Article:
Over 50% of Americans would take a 20% pay cut for work-life balance. But can they retire?

How much is quality of life worth to you? It turns out, most people believe it’s 20% of your paycheck.

Of 16,086 adults worldwide surveyed between Aug. 11 and Sept. 1 by Ford Trends, 52% overall and 51% of Americans said they would accept a 20% pay cut to prioritize their quality of life.

“They are opting to step away from the constant hustle of career advancement and are willing to accept the potential sacrifices that come with prioritizing their own well-being,” the survey said.

While a better work-life balance may benefit your mental health, and may be necessary, taking a pay cut could negatively impact your financial health, advisers warn. It’s important to understand the financial consequences of doing so now and, especially, in retirement.


“That’s an alarming statistic that so many people are willing to do that,” said JB Beckett, founder of financial planning group Beckett Financial Group. “Over the long term, it’ll hurt your financial health.”

How did 20% fit into your budget?

Say you earn $60,000 a year. If you took a 20% pay cut, that’s a $1,000 per month pay cut. Over a year, that’s $12,000, and over 10 years, it’s $120,000.

To put that into perspective, see what that 20% could have paid for:

◾ Median U.S. rent for a one-bedroom apartment in December was $1,593, according to rental site

◾ The national median monthly mortgage payment in December was $2,055, the Mortgage Bankers Association said.

◾ The median price for an existing home last year was a record $389,800, the industry group National Association of Realtors said.

◾ The average American household spends more than $1,000 per month on groceries, according to the Census Bureau's Household Pulse Survey.

◾ In 2024, Americans are expected to spend $2,407 on gasoline, down 2% from 2023, predicts gas app GasBuddy.

◾ An iPhone 15 costs between $1,000 and $1,500, and a monthly cellphone bill averaged $157 in a JD Power 2023 survey.

◾ A one-week, one-person vacation, on average, costs $1,986 in the United States, and that jumps to $3,971 for two people, according to travel budgeting site Budget Your Trip. A Forbes Advisor survey of 1,000 Americans showed Americans on average took 2.1 trips last year and 40% planned to travel more in 2024.

  • $250 is the median among Americans who save say they put aside each month, a 2023 Nerdwallet survey showed.

If you take a 20% pay cut, you may have to find a way to fill those holes or cut back in other ways.

This is one change that isn’t likely enough to fill many holes. But just as an example, "if you enjoy Starbucks lattes every day, you might have to say with a 20% pay cut, maybe I have to cut back on those, too,” Beckett said. Basically, "you’ll have to balance what are the most important things.”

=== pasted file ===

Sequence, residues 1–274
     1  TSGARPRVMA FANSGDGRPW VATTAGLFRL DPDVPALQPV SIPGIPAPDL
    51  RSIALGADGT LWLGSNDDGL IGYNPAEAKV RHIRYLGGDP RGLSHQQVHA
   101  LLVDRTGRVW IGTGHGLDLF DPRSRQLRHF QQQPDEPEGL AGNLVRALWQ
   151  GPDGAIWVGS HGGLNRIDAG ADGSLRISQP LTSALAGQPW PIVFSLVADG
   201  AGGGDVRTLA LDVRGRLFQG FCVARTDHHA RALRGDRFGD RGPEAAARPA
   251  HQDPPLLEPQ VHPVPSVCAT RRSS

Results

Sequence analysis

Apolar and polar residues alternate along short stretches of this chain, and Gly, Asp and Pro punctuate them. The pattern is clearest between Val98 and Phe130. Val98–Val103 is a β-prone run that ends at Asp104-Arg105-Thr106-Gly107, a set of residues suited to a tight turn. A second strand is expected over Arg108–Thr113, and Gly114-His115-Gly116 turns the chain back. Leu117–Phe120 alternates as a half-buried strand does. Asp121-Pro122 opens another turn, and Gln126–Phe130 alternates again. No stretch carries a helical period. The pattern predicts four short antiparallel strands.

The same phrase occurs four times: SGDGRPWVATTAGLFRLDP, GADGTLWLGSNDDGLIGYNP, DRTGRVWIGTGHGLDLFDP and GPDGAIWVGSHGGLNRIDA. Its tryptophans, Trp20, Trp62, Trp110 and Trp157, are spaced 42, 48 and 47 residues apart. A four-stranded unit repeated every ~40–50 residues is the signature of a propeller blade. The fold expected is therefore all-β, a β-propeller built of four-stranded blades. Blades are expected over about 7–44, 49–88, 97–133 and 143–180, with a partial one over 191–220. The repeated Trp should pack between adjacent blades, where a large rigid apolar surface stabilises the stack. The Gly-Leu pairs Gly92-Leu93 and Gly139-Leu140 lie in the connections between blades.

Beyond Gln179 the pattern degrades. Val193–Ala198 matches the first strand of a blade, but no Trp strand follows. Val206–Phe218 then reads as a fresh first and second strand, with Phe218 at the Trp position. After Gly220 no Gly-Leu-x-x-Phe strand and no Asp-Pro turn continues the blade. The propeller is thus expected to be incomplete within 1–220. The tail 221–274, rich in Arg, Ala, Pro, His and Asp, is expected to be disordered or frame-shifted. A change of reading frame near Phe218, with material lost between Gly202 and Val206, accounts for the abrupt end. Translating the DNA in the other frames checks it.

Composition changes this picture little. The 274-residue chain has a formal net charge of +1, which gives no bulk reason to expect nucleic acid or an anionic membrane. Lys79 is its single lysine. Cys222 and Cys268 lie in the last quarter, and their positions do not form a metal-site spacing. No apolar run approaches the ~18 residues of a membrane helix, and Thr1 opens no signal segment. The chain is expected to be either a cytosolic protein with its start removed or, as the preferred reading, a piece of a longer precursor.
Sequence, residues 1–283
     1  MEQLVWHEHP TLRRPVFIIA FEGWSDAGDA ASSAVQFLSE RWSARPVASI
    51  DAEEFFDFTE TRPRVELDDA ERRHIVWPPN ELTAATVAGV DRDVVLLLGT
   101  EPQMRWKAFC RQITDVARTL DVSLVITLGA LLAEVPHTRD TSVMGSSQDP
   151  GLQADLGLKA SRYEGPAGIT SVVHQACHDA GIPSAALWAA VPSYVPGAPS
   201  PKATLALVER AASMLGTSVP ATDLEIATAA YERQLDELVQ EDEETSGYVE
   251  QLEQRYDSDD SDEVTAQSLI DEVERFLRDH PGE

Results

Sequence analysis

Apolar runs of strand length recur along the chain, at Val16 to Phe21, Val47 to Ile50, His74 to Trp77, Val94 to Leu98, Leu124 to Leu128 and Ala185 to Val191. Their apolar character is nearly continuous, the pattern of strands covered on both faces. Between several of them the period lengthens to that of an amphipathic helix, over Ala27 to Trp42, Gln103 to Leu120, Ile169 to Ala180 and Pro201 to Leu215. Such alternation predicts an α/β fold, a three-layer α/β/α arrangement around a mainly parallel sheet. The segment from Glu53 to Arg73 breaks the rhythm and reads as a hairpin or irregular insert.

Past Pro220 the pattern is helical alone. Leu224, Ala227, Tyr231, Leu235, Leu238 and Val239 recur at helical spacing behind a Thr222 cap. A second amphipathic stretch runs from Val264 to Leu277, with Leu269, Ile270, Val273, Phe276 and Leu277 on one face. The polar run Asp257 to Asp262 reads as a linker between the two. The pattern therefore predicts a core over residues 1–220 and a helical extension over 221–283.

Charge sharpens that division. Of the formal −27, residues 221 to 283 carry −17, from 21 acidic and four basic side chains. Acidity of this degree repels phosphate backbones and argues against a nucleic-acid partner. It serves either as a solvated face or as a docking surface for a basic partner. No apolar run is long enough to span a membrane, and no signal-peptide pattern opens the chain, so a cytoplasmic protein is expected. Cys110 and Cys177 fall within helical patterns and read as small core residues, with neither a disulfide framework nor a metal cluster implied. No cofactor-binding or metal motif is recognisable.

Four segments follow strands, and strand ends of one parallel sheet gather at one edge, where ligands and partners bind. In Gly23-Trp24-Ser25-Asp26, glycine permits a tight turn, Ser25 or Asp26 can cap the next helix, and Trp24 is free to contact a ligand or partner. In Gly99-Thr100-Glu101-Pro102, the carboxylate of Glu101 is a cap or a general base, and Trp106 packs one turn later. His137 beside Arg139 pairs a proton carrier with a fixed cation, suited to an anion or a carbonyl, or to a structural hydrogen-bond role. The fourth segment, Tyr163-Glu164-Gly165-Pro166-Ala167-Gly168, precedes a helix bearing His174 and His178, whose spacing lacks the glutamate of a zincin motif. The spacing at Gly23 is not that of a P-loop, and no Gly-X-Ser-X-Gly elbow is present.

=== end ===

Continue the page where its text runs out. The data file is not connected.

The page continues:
What could 20% mean for your future?

"The bigger deal is the effect it has over the long haul,” Beckett said.

For example, if you save $60 per week for 40 years, you’ll have over $1 million with just an average 6% to 8% return, he said. “If I take a 20% cut, then I may not have $60 per week to save, and then what? Taking a pay cut means you may have to cut in other areas. Will people stop saving for retirement?”

Americans already don’t save enough for retirement. One-third of the 1,000 Americans ages 60 to 65 surveyed by Nationwide Retirement Institute in November said they’re considering returning to work. Half of them cited fear of running out of money or currently running out of money as their top reason for doing so. 

Last year, a Schwab survey showed Americans, on average, believed they needed $1.8 million to retire, but only 37% think they’ll achieve this target.

“People tell us we will live longer than our parents did,” said John Carter, president and chief operating officer at financial services giant Nationwide Financial. “If we’re going to live longer, we need more money.”

Calculate what you need: Tips on how to make a retirement calculator work for you

Taking a 20% pay cut doesn’t help with any of that, Carter noted. Instead, it can cause financial shortfalls that add to household stress.

A Forbes Advisor survey last year on divorce showed the biggest source of conflict was career choices. Finances ranked sixth.

“Financial stress is a real killer,” Carter said.

How's your work-life balance?
How's your work-life balance?

What’s a better approach? 

If you’re burned out, financial advisers say try these tactics first:

◾ Talk to your employer to find ways to restructure your duties so you’re not so stressed out.

Find another job that fits better with your lifestyle but doesn't require a pay cut, or at least a smaller one if it does.

Are there any times a pay cut may make sense?

Yes, if you get a financial benefit elsewhere to make it worthwhile.

For example, if someone has a job paying $100,000 but doesn't have great health insurance, their family could end up paying $10,000 out of pocket in health insurance costs each year. If that person switched to a job at a state university with better insurance and college-cost benefits, they could come out ahead – even if the job paid less, say, $80,000 a year. That worker could save $10,000 annually on health insurance expenses, not pay full college costs for their kids, and maybe get a pension at retirement.

“That can be significant in that case – a pay increase,” Beckett said. “Of course, your kids would have to agree to go to that school.”

Medora Lee is a money, markets and personal finance reporter at USA TODAY. You can reach her at and subscribe to our free Daily Money newsletter for personal finance tips and business news every Monday through Friday morning.    

This article originally appeared on USA TODAY: Work-life balance in exchange for a 20% pay cut could hurt retirement